By Elaina Arce
12019 / Pixabay
For the second part of our cloud service provider comparison, we’ll continue our discussion of “secondary” cloud providers with two longtime tech industry giants: IBM vs Oracle.
We always talk about the “big three” cloud providers: Amazon Web Services (AWS), Microsoft Azure, and Google Cloud Platform (GCP). We’ve covered Azure vs AWS and Google vs AWS, and most recently, the rise of Alibaba as the next biggest cloud provider. But what about the rest? IBM and Oracle have solidified themselves in the technology world, but will their offerings bring them success in the public cloud? And if so, does one of them have a better chance?
- At the end of June 2017, IBM made waves when it outperformed Amazon in total cloud computing revenue at $15.1 billion to $14.5 billion over a year-long period
- However, Amazon is still way ahead when it comes to the IaaS market
- For 2016, Amazon had the highest IaaS revenue, followed by Microsoft, Alibaba, and Google, respectively. IBM did not make the top 5.
- Alibaba had the highest IaaS growth rate, followed by Google, Microsoft, and Amazon, respectively.
- IBM was the fourth biggest cloud provider – before Alibaba took over
- In Q1 of 2017, Synergy rankings showed that IBM has 4 percent of the public cloud market share, just behind Alibaba’s 5 percent
- AWS had 44 percent, Azure – 11 percent, and Google Cloud – 6 percent
The reality that Alibaba knocked IBM out of fourth place in the ongoing saga of the cloud wars is a bit unsettling, but remember that the enterprise cloud is still just beginning. After all, the term “cloud computing” was only coined just a few years ago, in 2006. As we look forward, IBM and Amazon just released their own television ad campaigns, and the differences in their messaging are an indication of how each provider plans to move forward.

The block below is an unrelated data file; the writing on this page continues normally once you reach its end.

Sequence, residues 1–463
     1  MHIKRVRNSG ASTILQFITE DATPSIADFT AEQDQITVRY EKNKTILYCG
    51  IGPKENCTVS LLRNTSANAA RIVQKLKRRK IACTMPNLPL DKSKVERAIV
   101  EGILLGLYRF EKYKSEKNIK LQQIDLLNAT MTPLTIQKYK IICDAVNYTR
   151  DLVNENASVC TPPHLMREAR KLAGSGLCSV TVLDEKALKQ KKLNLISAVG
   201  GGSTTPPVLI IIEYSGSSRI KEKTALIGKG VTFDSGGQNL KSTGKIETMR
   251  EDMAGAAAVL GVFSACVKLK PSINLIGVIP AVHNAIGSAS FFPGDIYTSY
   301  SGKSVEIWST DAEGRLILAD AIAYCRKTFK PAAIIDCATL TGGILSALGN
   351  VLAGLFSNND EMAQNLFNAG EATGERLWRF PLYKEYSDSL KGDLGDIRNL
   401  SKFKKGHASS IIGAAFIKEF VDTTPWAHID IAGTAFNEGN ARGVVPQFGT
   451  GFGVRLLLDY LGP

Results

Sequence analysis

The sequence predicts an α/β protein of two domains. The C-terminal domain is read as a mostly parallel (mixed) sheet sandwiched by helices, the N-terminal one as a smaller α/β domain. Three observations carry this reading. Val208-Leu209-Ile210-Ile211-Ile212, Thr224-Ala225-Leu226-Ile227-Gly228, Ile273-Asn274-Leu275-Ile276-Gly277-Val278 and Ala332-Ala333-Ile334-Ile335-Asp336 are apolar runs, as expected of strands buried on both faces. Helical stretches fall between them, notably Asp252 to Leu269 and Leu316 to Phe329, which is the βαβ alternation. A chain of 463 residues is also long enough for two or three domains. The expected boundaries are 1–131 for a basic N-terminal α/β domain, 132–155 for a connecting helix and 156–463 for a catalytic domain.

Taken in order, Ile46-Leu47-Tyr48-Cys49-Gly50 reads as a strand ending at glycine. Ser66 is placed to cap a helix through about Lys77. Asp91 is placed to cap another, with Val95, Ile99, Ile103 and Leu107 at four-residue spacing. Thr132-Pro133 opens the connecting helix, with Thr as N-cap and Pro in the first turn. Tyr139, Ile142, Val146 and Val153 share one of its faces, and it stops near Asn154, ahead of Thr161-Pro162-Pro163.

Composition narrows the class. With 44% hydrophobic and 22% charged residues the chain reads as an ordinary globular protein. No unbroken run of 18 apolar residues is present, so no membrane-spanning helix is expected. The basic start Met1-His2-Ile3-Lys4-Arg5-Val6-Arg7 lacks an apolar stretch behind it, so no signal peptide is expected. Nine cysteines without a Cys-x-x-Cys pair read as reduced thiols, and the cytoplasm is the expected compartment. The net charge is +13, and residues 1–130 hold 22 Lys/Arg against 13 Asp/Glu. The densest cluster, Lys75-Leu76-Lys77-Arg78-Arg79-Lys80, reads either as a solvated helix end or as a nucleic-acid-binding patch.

As enterprises continue their shift to the cloud, TV ads tell us a lot about a provider’s purpose, overall message, and target audience. In the IBM ad, “The Cloud for Enterprise, Yours,” the cloud is presented not as a cloud at all, but as an entity “built for your business, designed for your data, and secure to the core.” This messaging opens an otherwise confusing, sometimes difficult to understand service for business leaders, to something tangible, something that makes sense, something that was built for their enterprise. That type of message goes a long way with people who don’t know the first thing about cloud computing.
On the other hand, Amazon’s ad targets a different audience entirely: “the builders” – developers, programmers, and architects who already have a full understanding and reliance on AWS for their building needs. In contrast to IBM, whose ad is all about how their cloud is helping businesses through the power of data and innovation, blockchain, and more, Amazon went straight for the technical experts who know exactly what they’re doing, no explanation necessary. The ad was also perfectly timed for the arrival of AWS re:Invent in Las Go to the full article.
Source:: Business 2 Community